Youths ‘insult’ minister

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MASERU — A Lesotho Congress for Democracy (LCD) youth from Likhoele constituency in Mafeteng district has landed herself in hot water for allegedly insulting and threatening Sports Minister ’Mathabiso Lepono.

Puleng Mokhethi was arrested together with two other youths from Likhoele, Rorisang Ranchebe and Limpho Kabi for allegedly sending text messages insulting Lepono.

The three are alleged to have sent the messages to Lepono on December 14, six days before a primary election in Likhoele constituency.

They were arrested two days later but only Mokhethi was charged because it is her cellphone which was used to send the messages.

Mokhethi appeared in court on December 20 and was released on free bail.

The Lesotho Times understands that the trio sent the messages after allegations surfaced that Lepono was pushing for Khotso Letsatsi, the Water and Sewarage Authority (WASA)’s public  relations officer, to be the constituency’s candidate.

A source who spoke to the  Lesotho Times on condition of anonymity said Lepono, who has announced that she will not stand for election, had thrown her weight behind Letsatsi who is said to be a family friend.

The source said Lepono’s drivers were seen campaigning for Letsatsi using the minister’s official cars.

Letsatsi was eventually elected as Likhoele’s candidate on  December 20, beating the constituency chairman, Thabo Kheleli, by 116 to 55 votes. “The youths foresaw that Letsatsi would be nominated because of the massive campaign that was  supported by the minister,” the source said.

Mokhethi and her colleagues then wrote the text message to Lepono.

One of the text messages said Lepono should be aware that this is not the 1998 LCD primary elections when she “stole ballot papers and was declared the winner when they were returned”.

The youths also told Lepono that they wondered if she still subscribes to the LCD motto of ‘truth, justice and peace’.

They also claimed that some sewing machines donated to Basotho women by the Chinese government had gone missing in her custody.

“Have you started with your usual double-crossing?” read one of the text messages.

Mokhethi said she could not comment on her arrest because the matter is in court.

Kabi confirmed to the Lesotho Times that they wrote the messages to the minister but  said they had not “insulted her because we wrote the facts she knew with her whole heart”.

“We merely reminded her that in 1998 the ballots were stolen from where we were electing our nominee and were taken to her house where they were counted and upon being returned she was declared the winner,” Kabi said.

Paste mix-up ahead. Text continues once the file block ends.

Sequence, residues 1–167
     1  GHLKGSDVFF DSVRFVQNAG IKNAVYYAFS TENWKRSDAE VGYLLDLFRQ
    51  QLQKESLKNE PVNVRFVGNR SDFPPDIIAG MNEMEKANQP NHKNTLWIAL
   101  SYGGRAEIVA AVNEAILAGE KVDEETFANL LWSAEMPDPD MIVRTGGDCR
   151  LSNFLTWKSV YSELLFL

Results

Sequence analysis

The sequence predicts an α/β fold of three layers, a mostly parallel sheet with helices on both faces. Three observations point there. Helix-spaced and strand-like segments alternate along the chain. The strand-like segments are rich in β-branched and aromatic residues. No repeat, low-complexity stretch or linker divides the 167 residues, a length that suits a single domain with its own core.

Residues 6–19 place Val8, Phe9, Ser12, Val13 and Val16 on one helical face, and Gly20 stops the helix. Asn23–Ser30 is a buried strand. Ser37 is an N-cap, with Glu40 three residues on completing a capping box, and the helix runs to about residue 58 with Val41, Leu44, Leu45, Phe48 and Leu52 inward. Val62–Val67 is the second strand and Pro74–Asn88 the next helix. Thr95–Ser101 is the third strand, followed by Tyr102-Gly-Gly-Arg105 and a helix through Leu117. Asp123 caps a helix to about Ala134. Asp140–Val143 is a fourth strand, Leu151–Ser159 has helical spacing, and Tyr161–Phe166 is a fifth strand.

“We told her that this is 2012 elections and we were not going to allow what happened in 1998 to happen again,” he said.

“It was by no means an insult to remind the minister that the sewing machines went missing under her care and we were entitled to ask where she took them to.”

Kabi said he was arrested by policemen who were travelling in the sports ministry’s official car and instead of being taken to the Mafeteng police station he was brought to Maseru to join Ranchebe and Mokhethi who were already in police
holding cells.

“I asked the police to read the text messages and satisfy themselves that there were insults before they could lay any charge against us and the police agreed that there were no insults,” he said.

“We were surprised when later we learnt that Puleng Mokhethi was being charged despite that there were no insults or threats against the minister in our text messages.”

He told this paper that they got angry when they realised that because of Lepono’s influence Letsatsi was going to be nominated “despite that he was not qualified because he had not served for 36 months as an LCD member.”

“We were quite aware that he did not have 2009 records as a party member; he only had 24 months,” Mokhethi said.

“In 1998 when the ballots were stolen we allowed ourselves to be represented by someone we did not choose and now the very same person uses her influence to have an unqualified person to be nominated as our candidate.

“This should stop,” he said. Letsatsi however said he was qualified to be nominated as he had been a member of the party for at least 36 months.

“The constituency secretary has my record and I am not worried about baseless accusations from bitter people,” Letsatsi said.

Those opposing Letsatsi also complain that on nomination day he hired two kombis for his followers while others were brought in by Lepono’s official cars and the sports ministry’s vans.

“I played my part of helping them to reach the election place,” Letsatsi said, adding: “I should not be accused for doing what is right.”

Lepono told this paper yesterday that she was “very hurt” that the youths she helped to raise up were now turning against her.

The visibly sad Lepono said, with a shaking voice, that it was unfortunate that the three youngsters called her a wicked person and a thief.

“It is most painful that all allegations they levelled against me are lies,” Lepono said.

“It is a lie that in 1998 I stole constituency ballots and it is also a lie that the ballots were counted at my house,” she said.

“Concerning the missing sewing machines it is common knowledge that I invited the police to investigate a case of theft because I really did not know who stole them,” she said.

Lepono said even her daughter who is in the business of sewing in Mafeteng was investigated and the police found that her machines were not like the missing ones.

“I want these children to prove beyond reasonable doubt in court that I am treacherous and a thief.”

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